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May 2, 2016

Trumpeters live rough lives. That is the message I got from watching two movies about famous trumpeters today.

I went to the Sun-Ray to see MILES AHEAD, the pseudo-biopic of Miles Davis. It was co-written by, directed by, and starred Don Cheadle as Miles Davis. Cheadle also plays a lot of the trumpet parts in the movie. He does great work as Davis. He doesn’t completely disappear into the role, but he fairly embodies it. The centerpiece of the movie is a fictional “interview” gone awry with a Rolling Stone writer named Dave Brill, played by Ewan McGregor. This interview never actually took place, and there was no Dave Brill working for Rolling Stone, so this was an odd choice to make, story-wise. However, the interactions between the two actors are entertaining, which is something that a lot of biopics aren’t. If you think of the movie as not a true biopic, but a movie featuring the character of Miles Davis, that happens to include biographical elements (Sort of along the lines of last week’s ELVIS & NIXON), you may find something to like in the film. You may also discover Emayatzy Corinealdi as Frances Taylor, Miles’s ex-wife. She is beautiful and will hold your attention each moment she is onscreen. She stands toe to toe with Cheadle in their scenes together. I hope to see her in many more movies. The film shows how the celebrity lifestyle, including drugs of course, can take its toll on a marriage. If you can throw away a woman like Frances, it is understandable that you might go into a virtual exile for years, which is Miles’s status at the beginning of the movie. He hasn’t recorded in 5 years and people are pressuring him to get something on tape. There are plenty of examples of Miles’s music all throughout the film, mostly in mere snippets. We get a taste of his music while getting a picture of the man. If you enjoy rough movies about musicians, and movies that are not linear and jump around in time a bit, you may like MILES AHEAD.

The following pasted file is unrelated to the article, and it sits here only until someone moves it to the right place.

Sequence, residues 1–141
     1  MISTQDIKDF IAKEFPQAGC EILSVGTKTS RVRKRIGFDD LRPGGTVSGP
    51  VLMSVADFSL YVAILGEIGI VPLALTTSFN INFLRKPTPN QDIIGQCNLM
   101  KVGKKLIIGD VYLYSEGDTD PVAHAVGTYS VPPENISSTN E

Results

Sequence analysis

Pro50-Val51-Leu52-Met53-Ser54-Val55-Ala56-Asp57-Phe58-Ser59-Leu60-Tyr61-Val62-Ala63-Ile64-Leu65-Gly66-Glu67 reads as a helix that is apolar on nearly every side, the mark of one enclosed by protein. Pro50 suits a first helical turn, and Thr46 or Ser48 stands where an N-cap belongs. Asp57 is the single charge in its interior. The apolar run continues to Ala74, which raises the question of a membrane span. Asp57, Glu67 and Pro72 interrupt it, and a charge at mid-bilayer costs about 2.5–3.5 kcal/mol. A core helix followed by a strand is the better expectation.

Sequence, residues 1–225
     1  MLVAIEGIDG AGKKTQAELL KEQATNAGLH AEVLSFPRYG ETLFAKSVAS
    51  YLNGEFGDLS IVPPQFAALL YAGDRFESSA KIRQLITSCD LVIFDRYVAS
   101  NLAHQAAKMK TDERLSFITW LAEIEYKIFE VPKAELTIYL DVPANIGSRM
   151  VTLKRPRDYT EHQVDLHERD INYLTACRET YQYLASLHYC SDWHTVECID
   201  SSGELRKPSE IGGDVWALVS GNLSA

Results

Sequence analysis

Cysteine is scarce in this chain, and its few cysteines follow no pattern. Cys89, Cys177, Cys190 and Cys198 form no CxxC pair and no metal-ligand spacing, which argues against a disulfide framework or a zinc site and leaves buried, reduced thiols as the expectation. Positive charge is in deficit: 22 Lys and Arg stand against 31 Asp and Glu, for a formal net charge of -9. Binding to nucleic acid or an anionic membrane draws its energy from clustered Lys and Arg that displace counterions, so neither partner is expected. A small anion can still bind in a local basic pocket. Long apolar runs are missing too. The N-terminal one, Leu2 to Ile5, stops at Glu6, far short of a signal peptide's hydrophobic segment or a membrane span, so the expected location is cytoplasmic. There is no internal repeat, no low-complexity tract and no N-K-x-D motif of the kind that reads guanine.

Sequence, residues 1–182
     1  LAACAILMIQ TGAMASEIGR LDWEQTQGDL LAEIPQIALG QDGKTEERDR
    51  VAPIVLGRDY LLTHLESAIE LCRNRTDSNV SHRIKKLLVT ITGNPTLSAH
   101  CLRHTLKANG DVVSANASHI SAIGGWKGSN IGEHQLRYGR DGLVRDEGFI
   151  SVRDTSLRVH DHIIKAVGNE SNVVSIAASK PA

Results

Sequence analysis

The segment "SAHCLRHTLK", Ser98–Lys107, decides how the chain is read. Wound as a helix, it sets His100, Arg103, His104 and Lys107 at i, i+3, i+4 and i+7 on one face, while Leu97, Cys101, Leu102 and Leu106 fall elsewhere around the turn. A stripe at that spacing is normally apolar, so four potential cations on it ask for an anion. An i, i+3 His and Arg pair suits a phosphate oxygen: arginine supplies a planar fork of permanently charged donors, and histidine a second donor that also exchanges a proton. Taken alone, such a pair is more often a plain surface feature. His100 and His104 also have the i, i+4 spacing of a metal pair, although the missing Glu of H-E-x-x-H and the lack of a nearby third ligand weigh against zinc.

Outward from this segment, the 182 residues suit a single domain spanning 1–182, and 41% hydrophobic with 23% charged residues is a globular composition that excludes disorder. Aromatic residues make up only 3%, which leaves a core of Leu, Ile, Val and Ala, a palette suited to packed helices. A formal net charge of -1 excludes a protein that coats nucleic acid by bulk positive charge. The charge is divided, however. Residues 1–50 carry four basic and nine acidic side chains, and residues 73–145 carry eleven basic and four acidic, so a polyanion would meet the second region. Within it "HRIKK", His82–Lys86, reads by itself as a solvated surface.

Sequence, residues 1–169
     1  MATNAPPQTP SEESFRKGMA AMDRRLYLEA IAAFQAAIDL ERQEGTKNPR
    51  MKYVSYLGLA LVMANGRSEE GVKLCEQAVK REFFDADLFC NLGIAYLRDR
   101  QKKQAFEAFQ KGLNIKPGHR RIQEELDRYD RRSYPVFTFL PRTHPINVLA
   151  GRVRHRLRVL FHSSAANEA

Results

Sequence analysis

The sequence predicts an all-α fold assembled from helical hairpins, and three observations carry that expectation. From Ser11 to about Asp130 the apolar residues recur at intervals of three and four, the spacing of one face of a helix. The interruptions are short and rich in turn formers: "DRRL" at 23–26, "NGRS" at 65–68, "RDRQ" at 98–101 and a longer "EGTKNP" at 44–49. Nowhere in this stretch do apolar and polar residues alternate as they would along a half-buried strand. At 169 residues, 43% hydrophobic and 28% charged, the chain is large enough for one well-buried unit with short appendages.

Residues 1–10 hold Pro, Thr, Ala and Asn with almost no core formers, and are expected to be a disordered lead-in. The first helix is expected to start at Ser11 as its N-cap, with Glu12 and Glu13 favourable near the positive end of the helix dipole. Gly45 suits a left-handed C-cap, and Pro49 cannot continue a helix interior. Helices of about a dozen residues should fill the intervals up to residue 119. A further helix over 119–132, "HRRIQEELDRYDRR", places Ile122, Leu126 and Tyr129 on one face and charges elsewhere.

My second movie about a trumpeter was BORN TO BE BLUE, which is more of a straight biopic about Chet Baker, one of the pioneers of West Coast cool jazz. I caught it on demand from Comcast. In addition to being a great jazz trumpeter, he was also a rather decent vocalist. Ethan Hawke plays Baker as the white trumpeter looking to impress Miles Davis and Dizzy Gillespie, and trying to live up to the musical influence of his idol, Charlie Parker. After playing a gig at Birdland in 1954, Miles tells Baker to come back after he’s lived some, meaning that Miles thinks Chet is a little green. Then the movie movies forward to 1966, after Baker has done a little more living and then gets viciously beaten by drug dealers, who knock out his teeth, making it extremely difficult to play trumpet. Baker loved his heroin, you see, much like Miles Davis loved his coke. Baker recuperates under the loving care of Jane. a beautiful, light-skinned actress played by Carmen Ejogo (she played Coretta Scott-King in SELMA). Baker dated multiple black women in the 50s and 60s, but this was not touched on as being all that scandalous in the film, which somewhat surprised me. This movie was more linear in its storytelling, with the occasional odd flashback to a scrapped biopic that Chet Baker was making prior to his attack. The standouts are Hawke, who does really good work in this; Ejogo, who is luminous; and the music of Chet Baker. Hawke does his own singing and gets the feeling of Baker’s vocals down. I’m not sure if he plays the trumpet parts, but they are mournful and sad.

So, both movies demonstrate how rough life can be for a famous trumpeter. The music, and all the fame and money that comes with it, are apparently not enough.


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